Osteoporosis and the Endocrinology of Aging

Osteoporosis, Endocrinology of Aging and the Menopausal Transition

Professor Rivka Dresner-Pollak and her research group investigate the following topics:

Elucidating the factors and molecular pathways which cause bone to age:
While Alzheimer’s disease and Diabetes occur in some individuals with age, bone loss and fragility occur virtually in everyone if they live long enough, and maybe part of an intrinsic aging program which involves multiple organ systems. We discovered that Sirtuin 1, a key player in aging and metabolism, regulates bone mass and bone quality in mice and humans. Moreover, the activation of Sirtuin1 restored bone mass and mechanical strength in osteoporotic mice. We now extend these findings to studies in humans.

Sirt1 is a regulator of bone mass and a repressor of Sost encoding for sclerostin, a bone formation inhibitor

The Sirtuin1 activator SRT3025 down-regulates sclerostin and rescues ovariectomy-induced bone loss and biomechanical deterioration in female mice

Reduced Sirtuin1 expression at the femoral neck in women who sustained an osteoporotic hip fracture

The role of bone marrow fat in bone turnover and in whole body energy metabolism:
Initially thought to be a filler only, it is now known that bone marrow fat is metabolically active, influencing bone turnover in the marrow micro-environment, and participating in whole body energy metabolism. We discovered that Sirtuin 1 induces browning of bone marrow fat cells in mice and humans. Browning of fat is associated with beneficial metabolic effects in other fat depots. We are now investigating the implications of our findings for local bone and whole body energy metabolism in mouse models and in human bone marrow cells.

Sirt1 Promotes a Thermogenic Gene Program in Bone Marrow Adipocytes: From Mice to (Wo)Men

The underlying mechanisms of skeletal fragility in Type 1 Diabetes Mellitus:
Skeletal fragility with concomitant fractures is a newly recognized serious diabetic complication which is more severe in patients with type 1 diabetes (T1D). Hip fracture risk is dramatically higher in T1D patients compared to age- and sex-matched controls, and the associated morbidity and mortality are significantly higher. The underlying mechanisms of increased skeletal fragility in T1D are still unknown.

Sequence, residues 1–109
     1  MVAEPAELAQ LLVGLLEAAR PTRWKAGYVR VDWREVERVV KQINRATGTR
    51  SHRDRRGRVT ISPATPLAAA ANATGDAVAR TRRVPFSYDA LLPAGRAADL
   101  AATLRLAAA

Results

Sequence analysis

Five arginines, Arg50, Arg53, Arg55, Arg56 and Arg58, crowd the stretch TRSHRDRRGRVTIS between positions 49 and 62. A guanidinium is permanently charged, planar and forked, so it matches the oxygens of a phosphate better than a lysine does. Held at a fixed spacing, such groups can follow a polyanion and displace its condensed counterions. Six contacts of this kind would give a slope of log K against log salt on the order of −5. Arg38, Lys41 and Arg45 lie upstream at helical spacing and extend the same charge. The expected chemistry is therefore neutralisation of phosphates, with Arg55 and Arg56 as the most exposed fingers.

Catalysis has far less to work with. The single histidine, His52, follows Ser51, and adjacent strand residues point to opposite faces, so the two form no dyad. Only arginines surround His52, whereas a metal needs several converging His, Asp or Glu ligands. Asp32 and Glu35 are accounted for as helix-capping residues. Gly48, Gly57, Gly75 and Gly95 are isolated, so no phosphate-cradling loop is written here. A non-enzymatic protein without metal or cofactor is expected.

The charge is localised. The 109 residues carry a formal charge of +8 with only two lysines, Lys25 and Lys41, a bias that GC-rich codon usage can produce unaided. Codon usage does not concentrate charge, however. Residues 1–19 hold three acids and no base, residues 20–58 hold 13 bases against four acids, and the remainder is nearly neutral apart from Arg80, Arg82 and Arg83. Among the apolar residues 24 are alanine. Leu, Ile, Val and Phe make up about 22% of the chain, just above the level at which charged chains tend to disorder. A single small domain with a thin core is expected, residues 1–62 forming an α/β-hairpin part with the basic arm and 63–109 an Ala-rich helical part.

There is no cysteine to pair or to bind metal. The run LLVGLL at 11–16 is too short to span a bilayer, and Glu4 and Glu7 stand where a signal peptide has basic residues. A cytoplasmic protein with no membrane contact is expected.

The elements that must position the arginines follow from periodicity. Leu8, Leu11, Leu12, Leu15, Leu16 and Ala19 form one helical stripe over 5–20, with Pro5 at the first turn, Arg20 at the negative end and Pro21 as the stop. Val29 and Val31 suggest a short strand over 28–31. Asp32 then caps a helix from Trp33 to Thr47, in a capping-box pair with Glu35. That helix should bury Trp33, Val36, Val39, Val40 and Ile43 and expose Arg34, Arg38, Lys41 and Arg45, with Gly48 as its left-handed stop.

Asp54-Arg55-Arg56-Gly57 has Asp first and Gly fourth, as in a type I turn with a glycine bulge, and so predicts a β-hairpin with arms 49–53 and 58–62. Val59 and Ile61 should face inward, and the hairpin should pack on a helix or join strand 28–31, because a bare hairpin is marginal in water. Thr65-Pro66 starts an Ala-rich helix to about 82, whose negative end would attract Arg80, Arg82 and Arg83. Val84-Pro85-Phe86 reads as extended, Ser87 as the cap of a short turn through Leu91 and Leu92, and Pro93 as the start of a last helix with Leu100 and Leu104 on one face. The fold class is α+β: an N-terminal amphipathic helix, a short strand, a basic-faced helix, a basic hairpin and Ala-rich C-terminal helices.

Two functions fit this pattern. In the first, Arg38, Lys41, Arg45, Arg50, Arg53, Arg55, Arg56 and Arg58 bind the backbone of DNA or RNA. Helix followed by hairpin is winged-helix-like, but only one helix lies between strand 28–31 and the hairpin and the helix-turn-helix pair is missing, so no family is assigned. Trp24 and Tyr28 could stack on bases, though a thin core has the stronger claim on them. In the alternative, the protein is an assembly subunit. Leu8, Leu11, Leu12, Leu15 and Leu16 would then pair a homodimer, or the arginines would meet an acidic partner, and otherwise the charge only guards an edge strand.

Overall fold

We are investigating molecular pathways of skeletal fragility in a mouse model of T1D. This research program was recently awarded a research grant from BIRAX (Britain Israel Research and Academic Exchange Partnership) in collaboration with Prof. Lynn Cox of Oxford University.

Investigation of novel targets to combat the metabolic derangements associated with the menopausal transition:
With a life expectancy of 90 years and an average age at menopause of 50 years, women now spend close to half their lives postmenopausal. Menopause is associated with a number of metabolic derangements such as weight gain, an increase in visceral fat, blood pressure and insulin resistance. These unfavorable changes result in increased risk of cardiovascular disease, dementia, diabetes and osteoporosis. Currently, estrogen replacement therapy is only option to combat some of these changes, however the safety of its broad use is still controversial. Using state of the art technologies such as deep sequencing and epigenetic mapping of key endocrine tissues, we identified novel targets to ameliorate these unfavorable metabolic changes.

SUN-033 RNA-Seq Analysis of Ovariectomy-Induced Changes in Mouse Liver Reveals New Targets for Menopause-Associated Metabolic Derangement